Secular Privilege and Natural Law

Secular Privilege and Natural Law


Two of the best Orthodox Christian commentators on current events today are (in my view) John Kass, the main columnist for the Chicago Tribune, and Rod Dreher, columnist for the online American Conservative.

Both are friends (John I have known in person from when I worked as a reporter for the rival Sun-Times; when I converted, he gave me instructions on how to get equipment to rotisserie lamb for Pascha; Rod is an occasional but valued e-friend), with whose views I don’t always agree, but whose thoughtfulness typically defies easy labels. Both write openly about being Orthodox, although John less often in the context of his reflections for a major metropolitan daily.

Both, this past Fourth of July week, wrote really thoughtful reflections of relevance to what is happening in American intellectual culture and its growing attitude of bigotry and dehumanization toward traditional Christians. This is something of which all Orthodox Christians should be aware as they consider the education of their children (biological and spiritual) within the faith.

In the past week, the Chronicle of Higher Education published a lengthy perspective by Prof. Peter Conn of University of Pennsylvania that argued in no uncertain terms for un-accrediting religious institutions of higher education, claiming that there is irreconcilable conflict between religious faith and higher education. Prof. Alan Jacobs of Baylor responded to this call for a purge of faith, and by extension of believing traditional Christians, from academia, by pointing out its arrogant assumption of universality for a particular Western secularism.

Conn’s attack on faith as irreconcilable with the project of higher education is, of course, of concern to many Orthodox Americans working and studying in higher education in the U.S. today. Christians are de-humanized, not only without penalty, but often with approbation, despite rules prohibiting religious harassment and bias.

Yet the growing intensity of this secular privilege should be a matter of prayerful concern and action for all Orthodox Americans today. It will hurt our families and parishes in future even if not seeming to touch us directly now. In fact, it already is at our door and with our children. As Dreher argues, traditional Christians and Jews in the U.S. generally still don’t seem to take these developments seriously.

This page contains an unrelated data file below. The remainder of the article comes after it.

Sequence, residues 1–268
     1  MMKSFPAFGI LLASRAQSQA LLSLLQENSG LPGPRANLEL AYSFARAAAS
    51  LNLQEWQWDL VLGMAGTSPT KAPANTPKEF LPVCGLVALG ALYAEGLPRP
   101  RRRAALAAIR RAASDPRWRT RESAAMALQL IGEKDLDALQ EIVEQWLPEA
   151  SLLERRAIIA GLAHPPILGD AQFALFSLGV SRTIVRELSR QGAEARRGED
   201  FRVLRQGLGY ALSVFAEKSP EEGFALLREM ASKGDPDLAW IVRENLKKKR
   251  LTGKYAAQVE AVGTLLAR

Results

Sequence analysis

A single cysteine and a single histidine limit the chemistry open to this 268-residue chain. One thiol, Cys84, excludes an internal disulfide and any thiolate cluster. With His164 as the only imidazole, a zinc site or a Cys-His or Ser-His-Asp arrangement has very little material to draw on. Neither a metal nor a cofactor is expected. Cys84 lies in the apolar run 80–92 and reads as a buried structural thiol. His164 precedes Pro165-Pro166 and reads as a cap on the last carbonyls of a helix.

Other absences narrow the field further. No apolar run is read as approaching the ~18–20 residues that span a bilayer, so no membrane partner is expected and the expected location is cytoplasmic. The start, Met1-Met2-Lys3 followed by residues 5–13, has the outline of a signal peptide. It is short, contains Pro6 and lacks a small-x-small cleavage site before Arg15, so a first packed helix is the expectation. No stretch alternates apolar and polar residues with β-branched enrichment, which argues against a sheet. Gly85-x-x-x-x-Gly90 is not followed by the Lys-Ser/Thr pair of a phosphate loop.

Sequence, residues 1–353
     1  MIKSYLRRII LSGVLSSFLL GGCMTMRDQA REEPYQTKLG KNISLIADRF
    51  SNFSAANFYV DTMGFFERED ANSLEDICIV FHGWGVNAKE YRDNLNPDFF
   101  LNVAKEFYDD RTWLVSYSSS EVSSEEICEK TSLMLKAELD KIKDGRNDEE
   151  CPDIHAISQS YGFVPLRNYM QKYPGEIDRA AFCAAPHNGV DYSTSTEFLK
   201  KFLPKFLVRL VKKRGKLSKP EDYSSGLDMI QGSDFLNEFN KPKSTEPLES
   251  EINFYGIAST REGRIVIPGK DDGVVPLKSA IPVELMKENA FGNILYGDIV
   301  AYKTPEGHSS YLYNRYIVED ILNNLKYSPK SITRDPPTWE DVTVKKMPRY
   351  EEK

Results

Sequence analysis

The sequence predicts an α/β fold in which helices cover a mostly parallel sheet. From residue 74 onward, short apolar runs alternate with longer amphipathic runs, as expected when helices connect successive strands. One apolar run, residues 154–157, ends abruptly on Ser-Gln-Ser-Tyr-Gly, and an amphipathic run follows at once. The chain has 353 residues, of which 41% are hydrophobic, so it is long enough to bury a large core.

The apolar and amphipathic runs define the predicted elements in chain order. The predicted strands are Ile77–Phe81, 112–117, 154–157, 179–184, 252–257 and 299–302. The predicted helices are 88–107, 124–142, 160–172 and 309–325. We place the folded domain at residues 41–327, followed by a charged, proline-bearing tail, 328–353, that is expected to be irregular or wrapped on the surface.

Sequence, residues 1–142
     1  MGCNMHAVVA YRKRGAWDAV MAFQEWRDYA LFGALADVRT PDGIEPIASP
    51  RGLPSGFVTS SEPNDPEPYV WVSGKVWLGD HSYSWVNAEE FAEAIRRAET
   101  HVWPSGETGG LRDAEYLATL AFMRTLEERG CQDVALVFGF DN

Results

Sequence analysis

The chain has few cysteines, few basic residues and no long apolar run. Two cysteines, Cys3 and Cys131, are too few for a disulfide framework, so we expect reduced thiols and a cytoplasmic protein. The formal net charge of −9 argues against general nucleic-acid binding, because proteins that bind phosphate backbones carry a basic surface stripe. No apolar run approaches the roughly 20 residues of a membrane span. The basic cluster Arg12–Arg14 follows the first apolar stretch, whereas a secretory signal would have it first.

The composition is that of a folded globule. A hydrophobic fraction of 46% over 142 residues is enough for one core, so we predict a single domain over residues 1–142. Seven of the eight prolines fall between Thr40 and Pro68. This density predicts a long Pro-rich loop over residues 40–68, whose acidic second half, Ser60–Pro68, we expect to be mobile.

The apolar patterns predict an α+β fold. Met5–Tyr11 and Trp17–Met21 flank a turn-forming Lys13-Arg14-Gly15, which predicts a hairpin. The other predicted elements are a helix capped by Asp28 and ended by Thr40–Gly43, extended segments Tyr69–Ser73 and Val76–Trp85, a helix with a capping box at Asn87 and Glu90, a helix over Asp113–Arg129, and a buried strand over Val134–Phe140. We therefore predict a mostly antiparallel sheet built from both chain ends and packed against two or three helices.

That is where I also found John Kass’ Fourth of July column important and extremely relevant. He asks: “What would we tell the founders and the men of Valley Forge about the nation they gave us? Would we tell them that many Americans probably know more about the curves of Kim Kardashian than we know about the Bill of Rights? Or that we’ve traded liberty for entertainment, and worship smartphones that record our movements, our thoughts and our ‘likes’?”

The Venn Diagram overlap between Kass’ concern with civil society and Dreher’s with academia is a secularism in both that is religious in its passions. The Catholic writer Joseph Bottum argues in his recent book An Anxious age: The Post-Protestant Ethic and the Spirit of America that the intensity with which Protestantism became woven into American culture transferred through the social-gospel movement into modern secularism, only then to head on into academia and intellectual culture at large, having shed any theism. The result is a secular natural law, whose main qualities can be summed up currently by four terms that are revered in contemporary intellectual culture but that often elude specific definition: Social Justice, Sustainability, Diversity, and Queerness.

The apologetic challenge to the Orthodox Church in post-Christian America and Western Europe may well center on adapting, converting, and in effect baptizing such terms to a Christian sense, in a modest echo of how the Apostles John and Paul, the Cappadocians, and many others, baptized Classical and vernacular terms and approaches in the apolstolic and patristic eras.

For example:

–While Social Justice first was a Catholic term developed from Scholastic notions of natural law, it lies at the heart of today’s secular rhetoric. The Orthodox sense of natural law draws more on transformative noetic experience related to theosis, than a more static sense of natural laws in our fallen world. As the editors of the St. Vladimir’s Press Popular Patristics edition of St. Basil the Great’s writings on philanthropia indicated in their title, On Social Justice, it is possible to adapt the term to Orthodoxy. That can involve offering people inter-generationally an opportunity for meaningful life in all its aspects, in the embodied transcendence of freedom that our faith offers, including especially transfigurative theosis. The Grand Inquisitor’s offer of material well-being in Dostoevsky’s parable is not sufficient by itself.